The second reason is corruption and systematic looting of the Lebanese state treasury. There are reports that some 52 billion has been from the state treasury nobody knows how it was dissipated.  what is required from criminal scrutiny is to follow the course of those looted funds. However there is political class that has looting the country since 30 years does not want this criminal scrutiny to take place so it is manipulating the dollars and the fate of the people and they hope to receive a general amnesty for the financial crimes that have occurred in Lebanon since 1990s and even today.

The political class is not willing to make any concessions in order to improve the economic and social situation putting more pressure on poor people taking the country to a massive collapse.

With each passing day, the lives of Lebanese, migrants and refugees become unbearable. But the political elite still haggle over dividing the diminishing spoils to enrich themselves and impoverish the country.”

With the Lebanese currency losing its value, the prices of basic commodities are rising rapidly, undermining the ability of individuals to afford food, shelter, and health care. The corona virus outbreak has exacerbated poverty and economic distress and has disproportionately affected marginalized groups, including low-income families, individuals with disabilities, migrants, and refugees.

Even Lebanon’s leaders have not yet been able to form a government. Instead, these same political leaders continue business as usual and prioritize sectarian and clientelistic considerations as the country collapses.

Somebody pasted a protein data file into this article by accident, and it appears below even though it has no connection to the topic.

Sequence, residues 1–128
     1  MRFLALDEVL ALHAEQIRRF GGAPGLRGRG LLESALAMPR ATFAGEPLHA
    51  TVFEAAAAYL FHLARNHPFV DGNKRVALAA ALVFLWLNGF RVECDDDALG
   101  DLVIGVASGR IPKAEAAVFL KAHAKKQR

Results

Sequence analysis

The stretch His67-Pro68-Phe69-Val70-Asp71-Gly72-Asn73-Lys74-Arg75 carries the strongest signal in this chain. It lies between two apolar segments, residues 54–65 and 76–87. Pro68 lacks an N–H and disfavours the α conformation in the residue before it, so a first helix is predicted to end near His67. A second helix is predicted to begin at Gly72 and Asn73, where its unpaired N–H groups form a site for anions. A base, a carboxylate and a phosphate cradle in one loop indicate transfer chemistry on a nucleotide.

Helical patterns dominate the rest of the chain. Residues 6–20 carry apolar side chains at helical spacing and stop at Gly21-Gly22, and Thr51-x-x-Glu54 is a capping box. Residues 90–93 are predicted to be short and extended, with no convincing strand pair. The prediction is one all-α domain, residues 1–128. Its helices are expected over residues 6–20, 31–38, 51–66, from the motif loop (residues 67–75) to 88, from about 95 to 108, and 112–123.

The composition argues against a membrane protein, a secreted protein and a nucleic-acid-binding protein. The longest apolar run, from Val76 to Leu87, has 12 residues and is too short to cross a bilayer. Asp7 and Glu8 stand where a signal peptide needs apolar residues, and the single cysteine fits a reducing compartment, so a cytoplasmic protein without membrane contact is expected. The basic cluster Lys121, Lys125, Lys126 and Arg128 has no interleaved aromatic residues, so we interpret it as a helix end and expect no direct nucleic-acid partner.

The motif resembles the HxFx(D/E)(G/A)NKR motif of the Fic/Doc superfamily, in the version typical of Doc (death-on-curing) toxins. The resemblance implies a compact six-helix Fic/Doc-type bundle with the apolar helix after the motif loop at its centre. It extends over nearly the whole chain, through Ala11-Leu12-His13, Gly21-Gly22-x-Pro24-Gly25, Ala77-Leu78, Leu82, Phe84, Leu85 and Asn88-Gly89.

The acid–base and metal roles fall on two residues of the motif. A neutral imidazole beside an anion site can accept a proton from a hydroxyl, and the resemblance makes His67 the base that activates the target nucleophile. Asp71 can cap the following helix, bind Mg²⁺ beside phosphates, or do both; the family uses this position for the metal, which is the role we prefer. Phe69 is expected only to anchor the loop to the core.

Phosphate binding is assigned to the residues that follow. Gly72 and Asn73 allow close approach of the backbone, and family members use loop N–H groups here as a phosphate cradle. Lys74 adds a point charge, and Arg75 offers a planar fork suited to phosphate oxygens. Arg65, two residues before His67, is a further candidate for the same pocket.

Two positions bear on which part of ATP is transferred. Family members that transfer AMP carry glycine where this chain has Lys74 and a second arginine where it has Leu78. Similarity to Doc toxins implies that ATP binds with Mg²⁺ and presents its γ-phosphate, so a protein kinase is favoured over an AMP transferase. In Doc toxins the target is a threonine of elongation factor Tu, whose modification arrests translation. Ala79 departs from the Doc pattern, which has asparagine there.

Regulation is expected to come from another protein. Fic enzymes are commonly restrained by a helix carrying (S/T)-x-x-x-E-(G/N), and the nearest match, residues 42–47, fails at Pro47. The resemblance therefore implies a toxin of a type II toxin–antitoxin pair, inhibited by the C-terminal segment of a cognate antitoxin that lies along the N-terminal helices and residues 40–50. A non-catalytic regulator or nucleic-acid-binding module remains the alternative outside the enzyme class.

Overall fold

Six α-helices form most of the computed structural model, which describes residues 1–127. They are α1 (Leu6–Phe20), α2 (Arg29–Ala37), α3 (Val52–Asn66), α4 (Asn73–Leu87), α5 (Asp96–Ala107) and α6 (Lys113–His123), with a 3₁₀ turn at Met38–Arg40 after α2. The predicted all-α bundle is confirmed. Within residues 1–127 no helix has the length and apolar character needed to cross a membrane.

Easing the pressure on Lebanon’s leaders now could entrench the corruption of the political system that France helped create throughout history, and lend credence to their claims that there is no alternative. It may also add to the frustration of angry and disenfranchised citizens who are increasingly choosing to emigrate as they begin to lose hope in the future.

 A better future in the country:

If Lebanese leaders can escape accountability when half of the capital has imploded, they will have no regrets about undermining reform initiatives and continue to steal the fortunes of the Lebanese wholesale as the country heads toward economic collapse.

Finally, International community should start imposing sanctions on members of the political class who have rendered the domestic judicial system impotent. Perpetrators leaders should be punished against whom there credible evidence of corruption is leading to human rights abuses, share that evidence publicly, and begin the process of recovering funds. However, if the international community is serious about combating “systematic corruption in Lebanon” and supporting the Lebanese people’s calls for reform and accountability, sanctions should target those responsible for violations, regardless of their position in the political scene.

Such an approach will demonstrate to members of the political class that they will pay a real price for decades of abuse, and it will give way to leaders who really want to begin restoring and restoring rights, undermined for decades under the current political class.